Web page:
Nvidia Says PC Gaming Its Biggest Market
While chipmaking giant Nvidia raked in revenue to the tune of $155 million from the sales of crypto mining cards during the first quarter of the year alone, it maintains that PC gaming is still its most important avenue of revenue.
Nvidia revealed its latest financials by way of an update on Wednesday, saying it expects sales to the value of at least $400 million from its crypto mining cards to be generated for the current quarter. Even so, said CEO Jensen Huang, cryptocurrency cards remain but a bone thrown to gamers wanting to mine digital currency such as Bitcoin and Ethereum. According to Huang, Nvidia’s gaming processors remain the driving force behind its core business. The sale of gaming chipsets generated a staggering $2.76 billion during the first quarter of the year – which marks an impressive 106% year-on-year increase.
Protecting Gamers From Miners
As for why Nvidia decided to start manufacturing GPUs used for crypto mining in the first place, Huang explained that this had started to push the company towards a backlog in terms of the availability of cards primarily meant for gamers.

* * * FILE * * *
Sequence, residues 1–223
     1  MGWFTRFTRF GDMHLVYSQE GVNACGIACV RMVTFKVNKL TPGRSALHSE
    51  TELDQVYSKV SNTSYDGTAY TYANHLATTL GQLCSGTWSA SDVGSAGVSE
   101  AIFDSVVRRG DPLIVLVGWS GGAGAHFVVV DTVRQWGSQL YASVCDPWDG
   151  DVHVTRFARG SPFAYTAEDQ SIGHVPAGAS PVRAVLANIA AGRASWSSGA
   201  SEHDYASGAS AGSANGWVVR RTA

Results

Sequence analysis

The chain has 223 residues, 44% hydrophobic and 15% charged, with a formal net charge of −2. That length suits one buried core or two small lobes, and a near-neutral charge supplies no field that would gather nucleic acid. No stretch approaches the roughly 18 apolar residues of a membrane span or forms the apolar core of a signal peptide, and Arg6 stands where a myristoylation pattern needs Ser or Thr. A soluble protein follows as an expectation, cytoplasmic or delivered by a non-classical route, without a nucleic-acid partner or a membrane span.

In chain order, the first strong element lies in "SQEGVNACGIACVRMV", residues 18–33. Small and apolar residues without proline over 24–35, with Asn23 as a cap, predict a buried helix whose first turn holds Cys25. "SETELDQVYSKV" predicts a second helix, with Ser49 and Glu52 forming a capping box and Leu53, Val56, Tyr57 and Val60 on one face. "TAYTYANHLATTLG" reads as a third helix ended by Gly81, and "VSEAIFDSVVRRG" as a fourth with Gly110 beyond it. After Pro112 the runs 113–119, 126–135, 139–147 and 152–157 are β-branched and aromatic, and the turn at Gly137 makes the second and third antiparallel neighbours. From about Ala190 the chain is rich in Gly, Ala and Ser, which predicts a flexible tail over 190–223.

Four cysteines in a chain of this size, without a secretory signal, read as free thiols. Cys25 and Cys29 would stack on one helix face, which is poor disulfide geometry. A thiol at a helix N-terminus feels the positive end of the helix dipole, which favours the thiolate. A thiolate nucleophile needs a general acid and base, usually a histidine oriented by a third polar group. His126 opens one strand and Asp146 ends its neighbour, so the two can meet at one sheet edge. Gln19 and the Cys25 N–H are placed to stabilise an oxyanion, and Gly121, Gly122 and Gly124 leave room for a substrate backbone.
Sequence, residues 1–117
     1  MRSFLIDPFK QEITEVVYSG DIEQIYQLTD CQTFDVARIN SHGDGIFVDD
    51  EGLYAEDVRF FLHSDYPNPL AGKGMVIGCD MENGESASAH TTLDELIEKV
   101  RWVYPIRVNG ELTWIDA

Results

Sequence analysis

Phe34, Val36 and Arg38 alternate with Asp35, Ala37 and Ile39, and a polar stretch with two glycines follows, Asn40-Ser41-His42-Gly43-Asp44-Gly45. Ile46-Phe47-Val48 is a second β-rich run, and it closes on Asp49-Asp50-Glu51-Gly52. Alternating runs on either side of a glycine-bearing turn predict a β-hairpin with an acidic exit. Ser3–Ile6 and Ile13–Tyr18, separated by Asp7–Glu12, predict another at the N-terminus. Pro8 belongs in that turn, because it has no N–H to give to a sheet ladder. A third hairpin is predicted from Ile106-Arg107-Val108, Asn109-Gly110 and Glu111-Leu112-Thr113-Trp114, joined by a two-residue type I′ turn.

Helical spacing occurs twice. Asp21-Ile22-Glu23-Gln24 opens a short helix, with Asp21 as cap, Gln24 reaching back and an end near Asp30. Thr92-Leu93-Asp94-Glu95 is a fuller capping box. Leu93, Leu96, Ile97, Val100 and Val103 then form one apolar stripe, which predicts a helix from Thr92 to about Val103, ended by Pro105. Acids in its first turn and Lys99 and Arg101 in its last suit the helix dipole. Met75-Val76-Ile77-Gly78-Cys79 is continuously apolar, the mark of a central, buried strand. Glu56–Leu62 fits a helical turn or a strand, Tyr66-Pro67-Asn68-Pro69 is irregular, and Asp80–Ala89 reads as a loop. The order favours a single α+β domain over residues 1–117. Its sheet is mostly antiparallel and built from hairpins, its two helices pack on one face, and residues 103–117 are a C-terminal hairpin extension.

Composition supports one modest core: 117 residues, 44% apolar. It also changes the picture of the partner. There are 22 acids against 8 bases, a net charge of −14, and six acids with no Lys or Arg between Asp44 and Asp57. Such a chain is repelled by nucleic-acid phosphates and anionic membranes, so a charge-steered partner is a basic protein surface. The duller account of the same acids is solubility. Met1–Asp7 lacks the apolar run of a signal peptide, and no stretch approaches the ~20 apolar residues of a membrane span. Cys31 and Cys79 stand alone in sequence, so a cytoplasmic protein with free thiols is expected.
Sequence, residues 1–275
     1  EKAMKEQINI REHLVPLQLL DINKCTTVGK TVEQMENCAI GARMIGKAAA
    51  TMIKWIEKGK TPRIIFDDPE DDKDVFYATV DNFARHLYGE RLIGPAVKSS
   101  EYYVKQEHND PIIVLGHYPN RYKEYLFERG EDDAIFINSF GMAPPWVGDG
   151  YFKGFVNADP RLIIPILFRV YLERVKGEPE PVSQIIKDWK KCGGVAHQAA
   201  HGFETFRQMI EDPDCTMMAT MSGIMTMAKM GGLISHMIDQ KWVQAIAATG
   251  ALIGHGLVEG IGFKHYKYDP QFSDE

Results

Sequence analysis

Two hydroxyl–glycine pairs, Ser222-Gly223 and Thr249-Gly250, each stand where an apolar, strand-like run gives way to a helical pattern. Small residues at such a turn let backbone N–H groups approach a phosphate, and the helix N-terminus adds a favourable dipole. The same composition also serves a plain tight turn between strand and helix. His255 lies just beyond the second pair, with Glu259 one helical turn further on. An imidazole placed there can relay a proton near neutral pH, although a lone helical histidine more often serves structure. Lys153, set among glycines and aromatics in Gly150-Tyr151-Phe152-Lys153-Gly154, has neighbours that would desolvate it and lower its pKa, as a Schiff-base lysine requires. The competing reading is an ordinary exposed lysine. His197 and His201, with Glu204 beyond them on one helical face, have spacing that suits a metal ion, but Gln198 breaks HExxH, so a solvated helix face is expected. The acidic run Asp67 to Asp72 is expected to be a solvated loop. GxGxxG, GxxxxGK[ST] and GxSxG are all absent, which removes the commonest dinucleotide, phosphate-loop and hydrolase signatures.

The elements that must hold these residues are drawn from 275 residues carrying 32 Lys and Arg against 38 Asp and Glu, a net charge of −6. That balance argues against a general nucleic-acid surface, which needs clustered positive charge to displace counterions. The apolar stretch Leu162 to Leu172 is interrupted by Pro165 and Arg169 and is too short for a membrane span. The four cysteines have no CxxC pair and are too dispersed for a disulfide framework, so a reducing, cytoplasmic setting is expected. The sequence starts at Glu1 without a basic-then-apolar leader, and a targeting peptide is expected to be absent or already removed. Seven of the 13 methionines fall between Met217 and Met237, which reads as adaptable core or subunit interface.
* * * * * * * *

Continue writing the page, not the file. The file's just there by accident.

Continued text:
Huang said the idea was to protect Nvidia’s core market, namely its gaming market, from missing out on available supply because of crypto miners continuously buying out those stocks meant for PC gamers.
The Nvidia CEO added that gaming is no longer just about PC video games for the sake of gaming. Instead, it has now become infused into the world of sports, eSports, art, and even the way people socialise with one another. He said the company expects its current experience of the trajectory of the video games market to last for quite some time yet.
Serving Two Distinct Markets
It’s not hard to see exactly why Nvidia would have taken the decision that it did, which is to separate the production of crypto-mining chipsets from that of PC gaming graphics cards. In fact, anybody who has tried to buy one of Nvidia’s new GeForce RTX 30-series graphics cards will be able to attest to its unavailability.
The short supply and high demand have seen the cards literally fly off the shelves the minute they become available for sale, which has now led to online retailers charging up to double the recommended retail price.
Although it’s hard to determine whether the cards are being purchased for gaming or for crypto-mining, Nvidia says it now aims to determine the answer by adding software to its graphics cards that will make crypto-mining more difficult to do.